Wine Tasting for Beginners
When I go to visit my dad in California, I can almost always expect a delightful surprise; a trip to someplace I have never been. During my most recent trip, that place was the charming wine region of Paso Robles.
After a scenic drive through the mountains, a quick bite at the Algreto Vineyard Resort (perfect place for an impromptu Instagram photo shoot), we stumbled upon Summerwood Winery; a picturesque estate that overlooks their Cabernet Sauvignon vineyard.
We were welcomed into the cozy tasting room. There, guests are invited to peer through a large glass window, separating the tasting room and the storage cellar. This is where the magic happens. On the other side of the glass, are the vineyards's seasoned experts at work - crushing a fantastic abundance of grapes and tending to the barrelled wine. If you're looking for a career that builds muscle, might I suggest becoming a vinter?
After oohing and awing, we made our way to the bar and asked for the standard; a generous wine tasting consisting of five options, red or white, for $15. The team of connoisseurs made it easy for us to discover wines suitable for our individual tastes (I fell in love with their red 2015 Diosa). Additionally, they were able to pass on some basic wine tips and factoids; useful for any budding wine enthusiast.
Young vs. old wine
Young wine is wine that is usually bottled and sold within a year of its vintage (the year that the grapes have been harvested and transformed into wine) whereas old, or aged, wine sits for a long time before it is bottled. Old wine is often romanticized as better than young wines, but not all wines are meant to sit around for a long time. Young wines maintain diversity within the world of wines - much needed for food pairings, and of course flavor preferences!
The color matters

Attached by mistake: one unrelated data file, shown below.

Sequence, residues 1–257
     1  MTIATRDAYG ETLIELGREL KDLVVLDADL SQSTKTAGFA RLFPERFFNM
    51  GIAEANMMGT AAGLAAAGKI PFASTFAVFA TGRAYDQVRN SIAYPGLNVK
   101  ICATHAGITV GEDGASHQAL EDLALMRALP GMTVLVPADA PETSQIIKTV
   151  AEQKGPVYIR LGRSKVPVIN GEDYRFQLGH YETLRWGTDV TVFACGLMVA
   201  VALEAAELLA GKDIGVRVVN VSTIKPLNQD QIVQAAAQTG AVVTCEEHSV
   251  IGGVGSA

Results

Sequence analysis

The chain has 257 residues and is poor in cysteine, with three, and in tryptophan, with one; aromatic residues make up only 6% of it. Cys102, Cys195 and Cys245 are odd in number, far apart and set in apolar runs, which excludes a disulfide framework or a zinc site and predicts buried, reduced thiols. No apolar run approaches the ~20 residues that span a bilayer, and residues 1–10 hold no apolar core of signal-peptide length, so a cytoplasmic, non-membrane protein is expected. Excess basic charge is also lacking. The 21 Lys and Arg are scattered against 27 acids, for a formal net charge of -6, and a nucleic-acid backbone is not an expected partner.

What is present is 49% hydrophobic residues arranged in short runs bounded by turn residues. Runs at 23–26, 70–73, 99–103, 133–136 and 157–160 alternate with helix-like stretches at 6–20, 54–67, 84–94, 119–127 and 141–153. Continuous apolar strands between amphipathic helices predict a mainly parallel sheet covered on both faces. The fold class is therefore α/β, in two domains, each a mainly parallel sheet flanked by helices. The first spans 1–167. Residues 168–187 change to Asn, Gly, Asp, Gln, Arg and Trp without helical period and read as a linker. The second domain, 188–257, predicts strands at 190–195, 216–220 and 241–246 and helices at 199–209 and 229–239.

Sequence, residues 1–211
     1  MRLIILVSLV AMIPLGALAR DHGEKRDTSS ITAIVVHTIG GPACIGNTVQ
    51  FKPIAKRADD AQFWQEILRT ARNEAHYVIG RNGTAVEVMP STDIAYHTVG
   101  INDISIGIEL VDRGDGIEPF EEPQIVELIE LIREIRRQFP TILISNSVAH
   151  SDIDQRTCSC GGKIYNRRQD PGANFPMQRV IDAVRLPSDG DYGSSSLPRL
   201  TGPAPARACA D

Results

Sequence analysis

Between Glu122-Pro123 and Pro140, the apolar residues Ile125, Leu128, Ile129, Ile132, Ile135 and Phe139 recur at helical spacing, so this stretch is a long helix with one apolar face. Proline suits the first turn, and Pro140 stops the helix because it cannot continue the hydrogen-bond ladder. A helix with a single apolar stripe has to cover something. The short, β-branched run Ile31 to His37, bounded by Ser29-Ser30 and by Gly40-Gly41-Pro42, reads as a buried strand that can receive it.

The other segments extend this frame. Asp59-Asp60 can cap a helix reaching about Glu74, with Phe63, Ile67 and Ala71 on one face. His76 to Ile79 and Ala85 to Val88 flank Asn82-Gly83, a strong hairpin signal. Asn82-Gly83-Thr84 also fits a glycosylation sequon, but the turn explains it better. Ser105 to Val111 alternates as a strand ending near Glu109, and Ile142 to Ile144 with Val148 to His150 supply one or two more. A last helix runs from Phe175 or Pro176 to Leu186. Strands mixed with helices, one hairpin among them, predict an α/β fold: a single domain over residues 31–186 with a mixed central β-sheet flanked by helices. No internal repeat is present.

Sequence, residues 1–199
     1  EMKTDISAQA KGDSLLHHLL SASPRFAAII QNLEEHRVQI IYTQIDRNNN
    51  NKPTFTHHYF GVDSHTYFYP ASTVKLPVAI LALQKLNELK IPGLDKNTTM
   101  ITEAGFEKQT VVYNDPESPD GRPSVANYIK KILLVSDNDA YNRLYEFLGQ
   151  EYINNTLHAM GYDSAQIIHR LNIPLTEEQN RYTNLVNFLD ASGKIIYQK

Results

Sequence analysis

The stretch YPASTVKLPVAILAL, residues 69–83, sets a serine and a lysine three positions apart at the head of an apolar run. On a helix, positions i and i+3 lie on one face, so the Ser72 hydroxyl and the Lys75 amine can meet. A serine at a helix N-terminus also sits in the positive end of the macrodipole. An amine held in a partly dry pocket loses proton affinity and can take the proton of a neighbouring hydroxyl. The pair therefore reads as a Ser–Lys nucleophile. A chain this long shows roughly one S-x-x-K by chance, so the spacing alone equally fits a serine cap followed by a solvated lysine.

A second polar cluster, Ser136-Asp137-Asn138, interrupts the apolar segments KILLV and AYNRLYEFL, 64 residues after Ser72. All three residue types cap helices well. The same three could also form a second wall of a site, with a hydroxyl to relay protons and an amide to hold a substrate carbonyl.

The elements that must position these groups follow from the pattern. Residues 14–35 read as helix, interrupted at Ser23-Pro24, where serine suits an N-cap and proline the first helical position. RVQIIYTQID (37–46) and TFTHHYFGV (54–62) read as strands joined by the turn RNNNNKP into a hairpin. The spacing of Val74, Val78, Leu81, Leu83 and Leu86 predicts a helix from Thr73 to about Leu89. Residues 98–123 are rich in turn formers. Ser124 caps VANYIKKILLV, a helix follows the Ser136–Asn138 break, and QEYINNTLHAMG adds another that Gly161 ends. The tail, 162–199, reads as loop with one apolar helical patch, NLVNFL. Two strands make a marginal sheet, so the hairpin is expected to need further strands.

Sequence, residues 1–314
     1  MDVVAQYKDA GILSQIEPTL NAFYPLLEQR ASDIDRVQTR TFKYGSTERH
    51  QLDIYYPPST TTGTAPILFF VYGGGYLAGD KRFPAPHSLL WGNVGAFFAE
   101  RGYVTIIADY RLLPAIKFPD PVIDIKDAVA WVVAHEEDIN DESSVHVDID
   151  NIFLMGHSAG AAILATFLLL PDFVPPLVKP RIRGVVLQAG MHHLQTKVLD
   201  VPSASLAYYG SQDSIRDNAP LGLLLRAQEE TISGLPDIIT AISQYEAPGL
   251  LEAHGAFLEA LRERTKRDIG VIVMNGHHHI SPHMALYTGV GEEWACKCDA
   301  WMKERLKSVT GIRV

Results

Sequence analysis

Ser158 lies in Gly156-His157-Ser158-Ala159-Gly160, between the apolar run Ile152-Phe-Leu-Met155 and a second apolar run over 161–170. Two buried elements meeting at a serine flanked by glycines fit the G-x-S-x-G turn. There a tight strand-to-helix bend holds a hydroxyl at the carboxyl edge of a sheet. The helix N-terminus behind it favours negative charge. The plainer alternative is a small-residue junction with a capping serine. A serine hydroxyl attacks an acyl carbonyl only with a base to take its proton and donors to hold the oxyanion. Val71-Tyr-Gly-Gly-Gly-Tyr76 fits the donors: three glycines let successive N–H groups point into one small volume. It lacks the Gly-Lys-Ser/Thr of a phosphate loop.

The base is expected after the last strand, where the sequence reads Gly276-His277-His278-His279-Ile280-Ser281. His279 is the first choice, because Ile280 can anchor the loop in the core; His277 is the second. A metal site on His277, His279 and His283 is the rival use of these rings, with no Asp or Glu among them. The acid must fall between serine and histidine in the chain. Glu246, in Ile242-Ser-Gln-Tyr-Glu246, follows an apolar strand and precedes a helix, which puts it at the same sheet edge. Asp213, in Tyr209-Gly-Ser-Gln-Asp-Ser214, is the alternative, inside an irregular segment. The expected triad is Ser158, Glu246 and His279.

The color and transparency of a wine can tell you a lot about the flavor. Different wines can be made with the same grape, such as the Tempranillo grape from Spain, but the flavors can be entirely different depending on the amount of time each wine has been in contact with the grape skins during fermentation,. Each grape used for wine has different characteristics and notes of flavor. If a wine sits with grape skins for a longer amount of time, the final product will reflect that grape's flavor and color. A quick rule of thumb: Darker wines tend to have a more full and rich flavor, whereas lighter wines tend to be more bright and light.
Oak barrels give flavor
Similar to grape skins, wine stored in oak barrels allows for the affect of different tastes in wine, opposed to storage in neutral containers such as stainless steel, cement lined vats. Different types of oak from different regions give differing levels of flavor to the wine such as oaky, spice, or vanilla. Just like tea, flavor extraction is reduced each time a barrel is used. Thus, perfect for wines where a mild flavor is a desired.
A tip for sweet-wine lovers
First off, there's a myth that sweet wine is less sophisticated than drier wine. This is simply not true! It all depends on your palette. It's important to know the staples of sweeter tasting wines (yes, there are options other than Pink Moscato!). Some of these include White Zinfandel, Riesling, Gewürztraminer, Sauterne, and Lambrusco. Side note, I usually give preference to drier wines over sweeter wines, but the White Zinfandel at the vineyard was light and heavenly!
For anyone looking to pursue your wine education or to anyone who is ready to find their wine soul-mate, their go-to wine, the best recommendation I have received is this: try all types of wine. Red and white, both with food and solely for the enjoyment of taste. Use these foundational tips to get you started!